Aggregation: The ABCs of Network Visibility
Most monitoring and security tools need access to packet data from many locations within the network. Inserting a direct connection to every device would be impractical and expensive. Aggregation is a simple but powerful feature of network packet brokers (NPBs) that eliminates this problem. This feature allows IT engineers to remove port contention issues on SPAN ports, tap ports, and security and monitoring tool ports. Basically, each of these devices has only a limited set of output or input ports. Aggregation helps IT to overcome the issue.
What Is Aggregation?
Aggregation is the ability to combine monitoring data from many input feeds and then consolidate that data. That data can then be replicated and distributed to one or more security and monitoring tools. This means that data can be combined and concentrated from multiple input sources to the NPB. This includes multiple taps spread out across the network and SPAN ports. Data from both types of sources can be combined into a single output stream to specific or multiple tools, as needed.
Typical Use Cases
In regards to monitoring data aggregation, there are several specific use cases and instances where the feature can be beneficial. Here are some specific situations:
- Mixture of data from SPAN ports and taps – The requirement for total network visibility may include the capture of monitoring data from different sources and combining that data to deliver a single source of data to one or more tools.
- SDN solutions – New SDN solutions like Cisco’s ACI architecture exacerbate the need for data from multiple network locations because packets of interest may be dynamically changing to any link. This means you need to access to all of the tap and SPAN ports.
- Alleviation of SPAN port contention – Network switches usually only have two SPAN ports. If three or more tools need monitoring data from the network switch, then there is a contention issue which results in one or more tools not getting the data it needs or there needs to be some sort of manual data cable switching process.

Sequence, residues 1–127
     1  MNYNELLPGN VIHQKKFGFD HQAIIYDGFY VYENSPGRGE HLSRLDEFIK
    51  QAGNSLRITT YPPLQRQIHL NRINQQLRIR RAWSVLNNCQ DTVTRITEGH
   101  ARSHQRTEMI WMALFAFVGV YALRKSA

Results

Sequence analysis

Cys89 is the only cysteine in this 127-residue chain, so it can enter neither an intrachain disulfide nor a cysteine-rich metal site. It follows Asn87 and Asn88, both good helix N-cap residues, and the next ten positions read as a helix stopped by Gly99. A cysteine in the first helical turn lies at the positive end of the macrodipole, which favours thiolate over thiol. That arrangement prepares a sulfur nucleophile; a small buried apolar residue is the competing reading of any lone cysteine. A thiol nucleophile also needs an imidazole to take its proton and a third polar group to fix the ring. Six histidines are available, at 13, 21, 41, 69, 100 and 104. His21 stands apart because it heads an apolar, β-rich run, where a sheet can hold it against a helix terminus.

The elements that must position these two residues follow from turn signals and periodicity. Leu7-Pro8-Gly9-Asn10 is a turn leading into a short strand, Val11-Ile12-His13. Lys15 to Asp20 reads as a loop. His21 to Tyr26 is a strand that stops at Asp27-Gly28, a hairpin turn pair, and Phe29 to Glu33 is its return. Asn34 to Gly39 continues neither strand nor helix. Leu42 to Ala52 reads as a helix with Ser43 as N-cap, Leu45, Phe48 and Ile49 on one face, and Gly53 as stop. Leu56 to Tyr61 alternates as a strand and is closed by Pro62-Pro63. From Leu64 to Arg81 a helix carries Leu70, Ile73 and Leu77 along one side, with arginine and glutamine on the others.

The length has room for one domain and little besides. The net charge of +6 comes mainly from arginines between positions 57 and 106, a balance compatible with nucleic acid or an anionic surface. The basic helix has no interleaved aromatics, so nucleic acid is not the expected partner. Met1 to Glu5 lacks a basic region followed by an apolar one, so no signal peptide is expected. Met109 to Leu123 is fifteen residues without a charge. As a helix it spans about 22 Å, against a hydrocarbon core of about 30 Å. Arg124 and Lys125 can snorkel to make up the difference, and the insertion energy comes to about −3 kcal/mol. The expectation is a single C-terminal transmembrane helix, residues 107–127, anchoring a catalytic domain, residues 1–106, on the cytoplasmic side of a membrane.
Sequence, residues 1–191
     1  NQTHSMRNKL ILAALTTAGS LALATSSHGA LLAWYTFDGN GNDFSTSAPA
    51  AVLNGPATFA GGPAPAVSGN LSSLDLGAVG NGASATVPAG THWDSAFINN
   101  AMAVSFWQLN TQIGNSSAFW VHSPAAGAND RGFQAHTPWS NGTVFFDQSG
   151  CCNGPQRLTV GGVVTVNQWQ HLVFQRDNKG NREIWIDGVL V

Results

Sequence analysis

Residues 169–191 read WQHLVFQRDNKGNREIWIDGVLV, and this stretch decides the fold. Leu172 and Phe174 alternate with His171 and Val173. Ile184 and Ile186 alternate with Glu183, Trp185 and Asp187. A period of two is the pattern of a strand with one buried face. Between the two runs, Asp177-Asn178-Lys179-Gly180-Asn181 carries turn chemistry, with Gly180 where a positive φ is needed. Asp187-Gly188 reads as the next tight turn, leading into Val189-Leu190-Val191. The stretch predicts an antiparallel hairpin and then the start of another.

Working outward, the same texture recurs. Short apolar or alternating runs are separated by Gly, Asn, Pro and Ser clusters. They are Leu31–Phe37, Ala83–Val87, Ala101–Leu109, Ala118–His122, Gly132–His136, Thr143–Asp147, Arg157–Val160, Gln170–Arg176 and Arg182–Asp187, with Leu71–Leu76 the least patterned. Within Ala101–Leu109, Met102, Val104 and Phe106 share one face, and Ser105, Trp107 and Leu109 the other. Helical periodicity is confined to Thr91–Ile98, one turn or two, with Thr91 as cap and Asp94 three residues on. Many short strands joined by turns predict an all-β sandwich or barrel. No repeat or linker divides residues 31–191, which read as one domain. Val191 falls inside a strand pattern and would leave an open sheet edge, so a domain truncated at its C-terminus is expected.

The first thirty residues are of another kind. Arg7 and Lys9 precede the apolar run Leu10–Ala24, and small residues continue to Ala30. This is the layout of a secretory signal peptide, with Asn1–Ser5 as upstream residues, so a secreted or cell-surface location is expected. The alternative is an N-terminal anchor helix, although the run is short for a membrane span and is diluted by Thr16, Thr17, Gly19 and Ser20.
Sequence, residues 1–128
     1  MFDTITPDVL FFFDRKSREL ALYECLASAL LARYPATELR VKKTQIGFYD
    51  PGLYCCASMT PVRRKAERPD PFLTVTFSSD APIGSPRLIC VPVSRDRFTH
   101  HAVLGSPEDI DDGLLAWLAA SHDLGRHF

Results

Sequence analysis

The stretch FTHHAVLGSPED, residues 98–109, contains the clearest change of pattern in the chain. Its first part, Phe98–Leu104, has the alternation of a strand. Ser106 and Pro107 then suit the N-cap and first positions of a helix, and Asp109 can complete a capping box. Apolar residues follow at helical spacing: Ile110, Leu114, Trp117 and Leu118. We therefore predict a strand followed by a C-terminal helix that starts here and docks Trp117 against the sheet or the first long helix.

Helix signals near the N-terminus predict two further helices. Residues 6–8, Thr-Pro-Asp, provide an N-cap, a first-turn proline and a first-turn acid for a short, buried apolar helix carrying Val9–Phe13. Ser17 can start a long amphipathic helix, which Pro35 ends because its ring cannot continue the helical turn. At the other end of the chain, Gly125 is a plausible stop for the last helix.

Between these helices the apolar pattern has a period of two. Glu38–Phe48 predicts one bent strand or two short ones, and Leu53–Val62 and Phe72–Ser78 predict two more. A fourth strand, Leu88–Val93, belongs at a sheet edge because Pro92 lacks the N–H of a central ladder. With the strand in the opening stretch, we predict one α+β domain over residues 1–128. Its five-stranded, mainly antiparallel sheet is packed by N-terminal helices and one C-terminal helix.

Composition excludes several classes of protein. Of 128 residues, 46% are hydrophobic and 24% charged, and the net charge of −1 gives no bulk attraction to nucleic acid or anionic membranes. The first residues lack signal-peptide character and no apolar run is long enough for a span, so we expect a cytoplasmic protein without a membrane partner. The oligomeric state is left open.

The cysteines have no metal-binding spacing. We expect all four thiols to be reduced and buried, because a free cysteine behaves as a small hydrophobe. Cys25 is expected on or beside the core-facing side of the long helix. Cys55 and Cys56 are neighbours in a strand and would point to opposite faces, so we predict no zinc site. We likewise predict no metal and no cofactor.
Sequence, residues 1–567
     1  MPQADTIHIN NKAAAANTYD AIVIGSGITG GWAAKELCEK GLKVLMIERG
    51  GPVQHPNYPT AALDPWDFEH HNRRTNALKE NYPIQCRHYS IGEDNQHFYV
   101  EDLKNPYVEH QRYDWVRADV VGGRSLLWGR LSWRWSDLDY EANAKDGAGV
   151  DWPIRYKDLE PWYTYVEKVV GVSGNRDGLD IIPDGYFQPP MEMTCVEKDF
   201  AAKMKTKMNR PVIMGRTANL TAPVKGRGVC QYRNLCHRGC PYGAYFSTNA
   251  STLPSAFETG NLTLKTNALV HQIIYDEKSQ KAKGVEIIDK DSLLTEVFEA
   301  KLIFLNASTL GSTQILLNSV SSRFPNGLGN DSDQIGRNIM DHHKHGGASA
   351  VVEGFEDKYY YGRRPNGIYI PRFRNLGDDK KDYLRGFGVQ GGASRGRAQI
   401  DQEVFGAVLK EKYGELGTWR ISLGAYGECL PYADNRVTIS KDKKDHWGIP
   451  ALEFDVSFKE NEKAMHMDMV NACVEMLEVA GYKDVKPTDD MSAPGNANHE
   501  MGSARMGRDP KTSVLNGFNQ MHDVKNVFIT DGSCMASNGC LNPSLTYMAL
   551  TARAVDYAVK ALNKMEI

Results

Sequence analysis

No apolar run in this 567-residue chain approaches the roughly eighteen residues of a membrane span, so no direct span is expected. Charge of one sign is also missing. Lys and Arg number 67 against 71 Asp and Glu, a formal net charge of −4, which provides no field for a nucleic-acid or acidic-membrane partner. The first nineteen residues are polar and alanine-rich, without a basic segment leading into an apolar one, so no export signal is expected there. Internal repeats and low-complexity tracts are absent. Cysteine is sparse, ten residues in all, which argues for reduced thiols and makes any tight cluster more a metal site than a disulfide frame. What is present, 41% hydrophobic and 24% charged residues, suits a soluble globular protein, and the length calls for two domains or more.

- Alleviation of tool input port contention – Security and monitoring tools often have a limited number of input ports. If data is required from more monitoring data sources than the direct input ports that exist, then there needs to be some sort of manual data cable switching process.
The following are some things to keep in mind about data aggregation within an NPB:
Processing at line rate capability – High-speed networks require the capture and processing of monitoring data at line rate. Make sure your NPB selection can handle this.
Ease of Use – Aggregation needs to be easily enabled and initiated through a visual interface, not a command line interface (CLI), because the visual interface makes it quicker and easier to understand how things are connected to the NPB. This makes it quicker to create and remove data connections.
Use an NPB to deliver aggregation capabilities – One of the side effects of aggregation is that it creates large amounts of data that can overwhelm security and monitoring tools. Because of this, aggregation is usually used in conjunction with data grooming (filtering, de-duplication, header stripping, payload slicing, etc.) capabilities to decrease unnecessary data within traffic loads. This reduces the load on those tools and allow them to focus on traffic of interest from any location within the network.
More Information on Aggregation and Network Visibility
Further information about aggregation, along with Ixia’s network performance, network security and network visibility solutions and how they can help generate the insight needed for your business, is available on the Ixia website.